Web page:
Death and Military Justice

I’ve talked about the military death penalty before.

If there is any question as to the value to be gained by seeking the death penalty at court-martial, use the past 50 years as a guide.

While I’m opposed to the death penalty on the simple basis that it involves killing a human being, look at this from a dollars-and-cents standpoint. Is it really worth all that money to prosecute and appeal when it amounts to little more than a life sentence anyway?

“Justice” at West Point

How many issues can one article possibly present?

I’ve always described the court-martial process as a meat grinder for the accused. In this case, James Taranto does a great job of distilling the story of a West Point cadet accused of sexual assault. Acquitted of the more serious charges, found guilty of making a false official statement, and kicked-out of the academy on this basis.

The most important lesson from this former Cadet’s saga: waive nothing.

Hasan Statement to Fox News

Nidal Hasan, acting in his own defense at court-martial, released a statement to Fox News. The report is here.

I found this on a day in which pro se lawyering supporters have been getting a bit of attention from legal blogs.

Naturally, when you’re looking for sympathy, you go to Fox News because of their bleeding-heart, left-leaning tendencies. Everyone knows this.


As Part of Our Defense…….an Op-Ed Written by Me

Somebody, anybody, please tell me how this helps further the defense case. I’m honestly open to any suggestions. Frankly, I fail to see where it is helpful in the presentation of a clear, coherent, and effective defense.

Let me see if I get this straight. Attack the alleged victim’s story? Check. Poke holes in the government’s case? No problem. Fight to exclude as much evidence as possible that is harmful to my client? Yep, gotcha.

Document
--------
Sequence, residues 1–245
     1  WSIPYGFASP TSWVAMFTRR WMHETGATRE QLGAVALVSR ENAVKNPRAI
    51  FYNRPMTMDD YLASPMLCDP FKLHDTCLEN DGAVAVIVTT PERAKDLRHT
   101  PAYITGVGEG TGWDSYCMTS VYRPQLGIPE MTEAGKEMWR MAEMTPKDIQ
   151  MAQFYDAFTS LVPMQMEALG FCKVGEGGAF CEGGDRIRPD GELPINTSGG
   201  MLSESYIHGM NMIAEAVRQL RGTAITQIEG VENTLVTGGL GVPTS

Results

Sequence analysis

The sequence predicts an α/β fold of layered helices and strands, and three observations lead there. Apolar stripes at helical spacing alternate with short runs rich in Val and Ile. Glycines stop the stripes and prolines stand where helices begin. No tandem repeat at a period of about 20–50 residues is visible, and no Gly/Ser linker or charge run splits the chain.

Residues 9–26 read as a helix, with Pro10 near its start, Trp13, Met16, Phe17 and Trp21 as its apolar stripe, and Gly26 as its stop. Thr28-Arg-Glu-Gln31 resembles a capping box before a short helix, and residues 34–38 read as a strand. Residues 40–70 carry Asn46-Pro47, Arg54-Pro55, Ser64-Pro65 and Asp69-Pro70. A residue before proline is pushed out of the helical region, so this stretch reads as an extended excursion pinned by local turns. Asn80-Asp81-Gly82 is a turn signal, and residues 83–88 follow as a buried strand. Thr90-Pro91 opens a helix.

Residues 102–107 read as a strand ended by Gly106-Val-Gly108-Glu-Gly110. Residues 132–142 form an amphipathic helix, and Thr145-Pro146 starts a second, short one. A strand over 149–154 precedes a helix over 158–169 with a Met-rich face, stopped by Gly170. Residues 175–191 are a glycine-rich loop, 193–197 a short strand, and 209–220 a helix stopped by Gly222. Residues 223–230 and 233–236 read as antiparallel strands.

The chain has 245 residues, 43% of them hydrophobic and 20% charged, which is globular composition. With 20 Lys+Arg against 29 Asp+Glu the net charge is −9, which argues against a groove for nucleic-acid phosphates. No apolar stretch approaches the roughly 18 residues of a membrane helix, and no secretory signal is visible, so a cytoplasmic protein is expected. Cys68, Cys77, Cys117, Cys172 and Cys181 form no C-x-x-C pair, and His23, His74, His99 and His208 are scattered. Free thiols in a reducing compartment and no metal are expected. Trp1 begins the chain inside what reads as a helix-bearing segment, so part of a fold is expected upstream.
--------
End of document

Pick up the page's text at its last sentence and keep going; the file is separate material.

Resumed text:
Pen an Op-Ed in a major news source that argues the strategic merit of criminal law and policy, using my client’s case as fuel for my fire? I’m not seeing the benefit.

Of course, I’m sure he knows this better than I. After all, he does go to the trouble of stating his qualifications as a former federal prosecutor.

However, I’m open to suggestions or theories.

The article is found here.

And You Thought Average Jury Selection Was Difficult…

As if jury selection isn’t tedious enough, it becomes even more so when a flag officer is being prosecuted. Per the Military Times, issues abound.

Here’s a quick synopsis of various issues at hand along with a bit of commentary.

  • A court-martial panel must consist of members who are senior in rank (or date of rank) to the accused. Except per Rule for Court-Martial (RCM) 912(f)(K) which states that a member of a court-martial panel shall be excused whenever they are “junior to the accused in rank, unless it is established that this could not be avoided.” Here, the Army may run out of general officers who have not already formed an opinion about Sinclair. That leads to the second point which is…
  • Will the court-martial turn to flag officers from other services? It is possible, and the Air Force is the logical choice given proximity and familiarity of the services.
  • Everything these flag officers say is important, and each is a present or potential court-martial convening authority. From looking at the discussion of each in the Military Times, they are publicly disclosing details on their view of crimes, witness credibility, criminal procedure, culpability, sentencing theory, and sexual assault. It will be interesting to see if any of their statements during voir dire (jury questioning and selection) comes back at a later date.
  • UPDATE: The military times notes that 3 generals remain on the panel. As of today, that is no longer true. They were struck by the military judge. (Thanks to Bill C. in his comment at CAAFLog.)